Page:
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Re:Casa, -ae

Postby benissimus » Sun Aug 17, 2003 12:38 am

Forgot pax, coquax, loquax.<br />There is also feles, which is a short E+s
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Re:Casa, -ae

Postby Lumen_et_umbra » Sun Aug 17, 2003 12:42 am

[quote author=Lumen_et_umbra link=board=3;threadid=477;start=15#4153 date=1061080163]<br />Given recent, and appropriate criticisms from others, I have revised my list of endings found in the third declension.<br /><br /><br />-e:s Nube:s (Gen pl in Nubium)<br />-is Canis (Note that Canis defies the -ium stem rules and does not end in -ium in the genitive plural)<br />-i:s Vi:s <br />-o: Ciciero:<br />-a:s Volupta:s<br />-u:s Virtu:s<br />-us Scelus<br />-e Mare (Note: Mare ends in with -i in the singular ablative because of rules regarding certain neuter nouns in the third declension. Also, it ends with Marium in Gen Pl)<br />-ar Exemplar (See 'Mare' above)<br />-or Auctor<br />-al Animal (See 'Mare' above, Gen pl Animalium)<br />-e:x Re:x<br />-bs Urbs (Gen Pl Urbium)<br />-ox Nox (Gen Pl Noctium)<br />-rx Arx (Gen Pl Arcium)<br />-rs Ars (Gen Pl Artium)<br />-er Imber<br />-ux Dux (Gen Pl Ducium)<br />-en Lumen (how freaking stupid am I?! It is in my name!)<br />-as As, assis (Gen Pl Assium)<br />-os Os, ossis (Gen Pl Ossium)<br />-ut Caput<br />-ul Consul<br />-a:x Pax - Thanks, Benissimus<br />-es Feles (Gen Pl Felium) - Thanks, again, Benissimus.<br /><br /><br />I really hope that is all of them this time; lest I seem even more of an idiot.<br /><br />P.S. I included a few extra pieces of information for those that haven't yet learned the 3rd declension. (Which things may actually serve as detriments to their resolve.) I haven't explained any of the rules for discerning between a -ium stem noun and a regular -um stem noun, and I have left out some irregularities in the declension of some of these nouns (Namely, the Nom pl '-a' and the Acc pl '-a' of neuter nouns)<br />[/quote]
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Re:Casa, -ae

Postby Lumen_et_umbra » Sun Aug 17, 2003 12:46 am

I hadn't finished my message-before-last (which I have now deleted) when I accidentally pressed the 'Post' button! ::anger:: >:(
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Re:Casa, -ae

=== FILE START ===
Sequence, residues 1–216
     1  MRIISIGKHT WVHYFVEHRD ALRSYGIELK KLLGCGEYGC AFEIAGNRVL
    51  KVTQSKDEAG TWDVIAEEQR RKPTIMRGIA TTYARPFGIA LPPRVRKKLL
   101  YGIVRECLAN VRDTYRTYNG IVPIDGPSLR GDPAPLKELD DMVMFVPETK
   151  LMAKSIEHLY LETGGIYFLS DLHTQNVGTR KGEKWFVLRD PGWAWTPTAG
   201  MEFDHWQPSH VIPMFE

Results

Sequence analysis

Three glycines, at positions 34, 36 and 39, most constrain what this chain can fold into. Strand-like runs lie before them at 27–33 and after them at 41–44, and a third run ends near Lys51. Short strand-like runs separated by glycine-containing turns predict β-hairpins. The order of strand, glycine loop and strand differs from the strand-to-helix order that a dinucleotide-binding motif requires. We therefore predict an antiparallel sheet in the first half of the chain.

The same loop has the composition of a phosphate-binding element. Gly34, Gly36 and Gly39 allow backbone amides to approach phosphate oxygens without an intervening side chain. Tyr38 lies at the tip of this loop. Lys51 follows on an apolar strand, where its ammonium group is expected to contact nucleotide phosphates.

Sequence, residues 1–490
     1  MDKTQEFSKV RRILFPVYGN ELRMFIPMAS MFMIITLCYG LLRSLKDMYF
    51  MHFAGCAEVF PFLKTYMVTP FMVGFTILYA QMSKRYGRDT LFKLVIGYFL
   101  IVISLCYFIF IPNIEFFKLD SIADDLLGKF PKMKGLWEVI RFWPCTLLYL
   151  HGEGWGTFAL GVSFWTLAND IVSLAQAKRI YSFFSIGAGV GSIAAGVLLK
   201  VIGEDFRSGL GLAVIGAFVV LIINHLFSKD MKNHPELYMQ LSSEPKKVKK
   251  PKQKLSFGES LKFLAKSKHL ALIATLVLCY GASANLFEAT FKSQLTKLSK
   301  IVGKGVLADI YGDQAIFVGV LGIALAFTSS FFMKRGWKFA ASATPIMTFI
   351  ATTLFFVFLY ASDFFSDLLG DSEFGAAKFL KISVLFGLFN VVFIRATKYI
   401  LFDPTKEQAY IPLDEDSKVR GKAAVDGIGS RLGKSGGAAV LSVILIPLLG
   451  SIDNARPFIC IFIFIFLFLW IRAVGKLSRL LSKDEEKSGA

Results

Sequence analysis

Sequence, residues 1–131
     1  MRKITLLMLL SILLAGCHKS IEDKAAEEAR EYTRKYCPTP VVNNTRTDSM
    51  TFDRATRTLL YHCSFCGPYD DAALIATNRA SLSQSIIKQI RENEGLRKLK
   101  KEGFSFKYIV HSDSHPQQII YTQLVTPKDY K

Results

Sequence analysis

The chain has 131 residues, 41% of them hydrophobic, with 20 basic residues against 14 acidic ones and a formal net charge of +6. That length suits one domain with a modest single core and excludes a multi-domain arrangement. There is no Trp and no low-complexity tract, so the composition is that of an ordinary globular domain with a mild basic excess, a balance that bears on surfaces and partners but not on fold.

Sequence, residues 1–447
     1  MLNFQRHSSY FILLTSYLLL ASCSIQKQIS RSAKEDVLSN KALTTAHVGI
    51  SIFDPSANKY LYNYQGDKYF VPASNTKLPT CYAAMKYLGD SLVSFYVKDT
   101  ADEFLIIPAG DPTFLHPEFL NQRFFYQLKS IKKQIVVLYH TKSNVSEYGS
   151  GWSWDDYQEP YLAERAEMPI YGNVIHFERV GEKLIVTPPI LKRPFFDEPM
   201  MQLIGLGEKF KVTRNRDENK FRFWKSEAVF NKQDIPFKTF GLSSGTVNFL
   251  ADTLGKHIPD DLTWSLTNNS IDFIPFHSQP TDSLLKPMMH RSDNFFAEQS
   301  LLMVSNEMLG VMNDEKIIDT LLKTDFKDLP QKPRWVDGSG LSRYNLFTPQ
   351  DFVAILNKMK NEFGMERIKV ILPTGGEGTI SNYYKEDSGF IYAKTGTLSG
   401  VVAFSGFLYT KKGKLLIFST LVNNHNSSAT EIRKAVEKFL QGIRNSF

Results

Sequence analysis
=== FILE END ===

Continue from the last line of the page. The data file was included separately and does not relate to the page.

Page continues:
Postby Keesa » Sun Aug 17, 2003 12:47 am

:-[ Somebody encourage me...am I ever going to get that advanced? I spent the whole day in town taking a test, and didn't even do a single lesson of Latin...and that list is overwhelming! Ouch! <br /><br />Keesa
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Re:Casa, -ae

Postby Lumen_et_umbra » Sun Aug 17, 2003 12:52 am

Sorry, Keesa. Don't worry, however, it is not nearly as difficult as it may seem now. Sorry, again. Don't be discouraged.<br /><br /> ;D
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Re:Casa, -ae

Postby Keesa » Sun Aug 17, 2003 12:55 am

[quote author=Lumen_et_umbra link=board=3;threadid=477;start=15#4163 date=1061081553]<br /> it is not nearly as difficult as it may seem now. <br />[/quote]<br /><br />Thank you. I needed to hear that. Tomorrow I'll get back into Latin with a vengeance...and all my other languages, too! For tonight, I'm just going to be glad that it will come in time. <br /><br />Slainte! <br /><br />Keesa
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Re:Casa, -ae

Postby benissimus » Sun Aug 17, 2003 1:04 am

Hehe... there is also a short E+x as in Iudex. Perhaps this is the reason why they define third declension by the last letter and not by the whole ending ;o
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Re:Casa, -ae

Postby Lumen_et_umbra » Sun Aug 17, 2003 3:08 am

It is inefficient and malapropos to define the 3rd declension by its very last letter in the nominative case. They may as well say, "Shove it, you idiot. learn the endings by yourself!" <br /><br />This is, counterintuitively, a good tip ;); There are patterns to be recognized, which expedite the learning of the 3rd declension on one's own. Learning it with a prefabricated paradigm, such as the one I have written above, only precludes facile learning and forces one to learn by rote - the most basic and unadvanced form of learning.
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Re:Casa, -ae

Postby Alundis » Sun Aug 17, 2003 3:31 am